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No. 00-595

In the Supreme Court of the United States

MAIER, MCILNAY & KERKMAN, LTD., PETITIONER

v.

 

IRA BODENSTEIN, UNITED STATES TRUSTEE

AND

MILWAUKE ENGRAVING COMPANY, INC.

ON PETITION FOR A WRIT OF CERTIORARI
TO THE UNITED STATES COURT OF APPEALS
FOR THE SEVENTH CIRCUIT

BRIEF FOR THE FEDERAL RESPONDENT
IN OPPOSITION

SETH P. WAXMAN
Solicitor General
Counsel of Record
DAVID W. OGDEN
Assistant Attorney General
ROBERT M. LOEB
NEACLESA ANDERSON
Attorneys
Department of Justice
Washington, D.C. 20530-0001
(202) 514-2217

 

QUESTION PRESENTED

 

Whether attorneys who are not "disinterested persons," under Section 327(a) of the Bankruptcy Code, are authorized to receive payment for fees and expenses under 11 U.S.C. 503(b)(1)(A).

In the Supreme Court of the United States

No. 00-595

 

MAIER, MCILNAY & KERKMAN, LTD., PETITIONER

v.

 

IRA BODENSTEIN, UNITED STATES TRUSTEE

AND

MILWAUKE ENGRAVING COMPANY, INC.

 

ON PETITION FOR A WRIT OF CERTIORARI
TO THE UNITED STATES COURT OF APPEALS
FOR THE SEVENTH CIRCUIT

BRIEF FOR THE FEDERAL RESPONDENT
IN OPPOSITION

 

 

OPINIONS BELOW

 

The opinion of the court of appeals (Pet. App. 1a-8a) is reported at 219 F.3d 635. The opinion of the district court (Pet. App. 19a-30a) is unreported. The opinion of the bankruptcy court (Pet. App. 9a-18a) is reported at 230 B.R. 370.

JURISDICTION

The judgment of the court of appeals was entered on July 13, 2000. The petition for a writ of certiorari was filed on October 11, 2000. The jurisdiction of this Court is invoked under 28 U.S.C. 1254(1).

 

STATEMENT

1. Respondent Milwaukee Engraving Company filed an application with the bankruptcy court to employ petitioner Maier, McIlnay & Kerkman, Ltd., as general counsel for its Chapter 11 bankruptcy estate, pursuant to 11 U.S.C. 327(a)1 of the Bankruptcy Code. Pet. App. 2a. Section 327(a) requires Chapter 11 debtors-in-possession2 to obtain a bankruptcy court's authorization to employ attorneys to assist them in the Chapter 11 case, and provides that a bankruptcy court will approve the employment of attorneys only if they are "disinterested persons" who hold no "interest adverse to the estate."3

An affidavit accompanying petitioner's application disclosed that petitioner represented Black Hawk Label Company, Inc., a company that owed $78,000 to Milwaukee Engraving, in connection with Black Hawk's sale of its assets to a third party. Pet. App. 10a. The proceeds from the sale of Black Hawk's assets were to be used to pay Black Hawk's debt to Milwaukee Engraving, but only after petitioner had collected its fees in connection with the sale. Id. at 2a.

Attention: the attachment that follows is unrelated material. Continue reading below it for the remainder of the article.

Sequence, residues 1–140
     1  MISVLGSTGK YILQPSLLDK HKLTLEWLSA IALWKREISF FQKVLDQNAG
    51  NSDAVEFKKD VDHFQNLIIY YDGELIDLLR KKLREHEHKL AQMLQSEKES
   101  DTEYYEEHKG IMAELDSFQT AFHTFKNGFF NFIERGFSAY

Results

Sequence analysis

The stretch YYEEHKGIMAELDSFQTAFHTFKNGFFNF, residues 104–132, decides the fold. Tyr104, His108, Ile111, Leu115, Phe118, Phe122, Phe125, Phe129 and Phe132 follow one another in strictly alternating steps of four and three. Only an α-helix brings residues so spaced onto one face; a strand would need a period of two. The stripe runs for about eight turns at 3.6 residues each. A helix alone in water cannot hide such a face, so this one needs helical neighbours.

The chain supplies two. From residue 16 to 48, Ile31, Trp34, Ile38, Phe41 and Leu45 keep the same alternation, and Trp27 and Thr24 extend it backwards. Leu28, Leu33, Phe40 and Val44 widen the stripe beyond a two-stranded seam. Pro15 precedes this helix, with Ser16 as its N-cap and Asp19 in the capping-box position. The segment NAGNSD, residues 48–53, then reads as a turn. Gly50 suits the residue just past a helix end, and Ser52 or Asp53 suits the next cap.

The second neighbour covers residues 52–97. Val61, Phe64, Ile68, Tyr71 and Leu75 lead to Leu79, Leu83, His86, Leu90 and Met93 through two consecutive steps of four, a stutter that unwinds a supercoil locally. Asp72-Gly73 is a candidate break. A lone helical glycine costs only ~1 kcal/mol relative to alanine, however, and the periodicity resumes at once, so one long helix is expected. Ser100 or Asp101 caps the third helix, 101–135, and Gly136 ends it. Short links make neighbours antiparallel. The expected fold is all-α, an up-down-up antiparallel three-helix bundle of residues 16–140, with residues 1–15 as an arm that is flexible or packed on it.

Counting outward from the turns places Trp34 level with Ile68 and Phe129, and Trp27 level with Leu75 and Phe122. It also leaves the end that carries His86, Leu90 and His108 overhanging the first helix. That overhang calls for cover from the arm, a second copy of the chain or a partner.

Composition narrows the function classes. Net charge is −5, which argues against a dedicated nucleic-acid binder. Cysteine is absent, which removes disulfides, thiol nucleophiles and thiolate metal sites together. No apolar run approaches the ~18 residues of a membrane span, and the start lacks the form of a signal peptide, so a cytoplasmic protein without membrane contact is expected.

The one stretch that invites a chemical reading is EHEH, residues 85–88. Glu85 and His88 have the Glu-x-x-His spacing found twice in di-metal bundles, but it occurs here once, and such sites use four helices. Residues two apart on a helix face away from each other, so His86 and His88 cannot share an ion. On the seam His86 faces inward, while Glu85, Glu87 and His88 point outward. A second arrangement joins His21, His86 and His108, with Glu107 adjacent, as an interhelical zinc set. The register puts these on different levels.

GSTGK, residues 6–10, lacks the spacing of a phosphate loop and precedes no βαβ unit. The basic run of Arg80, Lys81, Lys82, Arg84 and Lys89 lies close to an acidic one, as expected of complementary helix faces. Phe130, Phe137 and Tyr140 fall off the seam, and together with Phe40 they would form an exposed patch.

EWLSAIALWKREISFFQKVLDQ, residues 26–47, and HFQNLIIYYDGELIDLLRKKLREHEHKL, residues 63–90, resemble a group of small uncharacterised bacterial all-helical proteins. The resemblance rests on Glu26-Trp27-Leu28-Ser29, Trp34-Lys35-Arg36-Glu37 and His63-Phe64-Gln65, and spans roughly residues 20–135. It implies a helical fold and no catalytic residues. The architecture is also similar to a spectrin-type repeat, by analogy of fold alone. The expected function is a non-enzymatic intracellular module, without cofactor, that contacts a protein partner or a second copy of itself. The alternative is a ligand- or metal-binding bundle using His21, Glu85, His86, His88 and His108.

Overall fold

Respondent United States Trustee objected to the application, arguing that, because of its representation of Black Hawk, petitioner could not qualify as a "disinterested person" free from interests materially "adverse to the estate," and thus was not eligible to be employed pursuant to Section 327(a). Pet. App. 2a, 10a.

Although the "demands of its calendar" prevented it from ruling on the application before petitioner had begun its work on the case, the bankruptcy court denied the application, citing the adverse interest created by petitioner's representation of Black Hawk in connection with the sale of the company's assets. Pet. App. 2a, 16a. Petitioner did not appeal the denial. Id. at 11a.

2. Petitioner subsequently filed an application for approximately $15,000 in fees and costs it incurred in this case. Pet. App. 2a. Petitioner argued that, even though the bankruptcy court's denial of the employment application rendered it ineligible to be compensated pursuant to 11 U.S.C. 330,4 it could be awarded all of its fees and costs pursuant to 11 U.S.C. 503(b)(1)(A).5 Pet. App. 12a. This provision authorizes bankruptcy courts to allow those administrative expenses that are necessary to preserve the bankruptcy estate, including "commissions for services rendered after the commencement of the case." The United States Trustee opposed the request, noting that the court of appeals' decision in In re Singson, 41 F.3d 316 (7th Cir. 1994), established that courts have no authority under Section 503 to award attorney's fees that have not been approved under any other section of the Code. Pet. App. 12a.

The bankruptcy court awarded petitioner the required fees and costs pursuant to Section 503(b)(1)(A). The bankruptcy court reasoned that "[n]othing in the plain language of [Section] 503(b)(1)(A) would appear to preclude" it from granting the application, and that petitioner's application satisfied conditions that dicta in In re Grabill Corp., 983 F.2d 773 (7th Cir. 1993), suggested might be appropriate.6 Pet. App. 12a-16a. Because petitioner had promptly filed its application for employment and the delay in denial was based on the demands of the court's calendar, the bankruptcy court concluded that it would be inequitable to disallow petitioner's expenses. Id. at 16a. Thus, the bankruptcy court's decision to award attorney's fees under Section 503(b)(1)(A) was principally grounded in equity.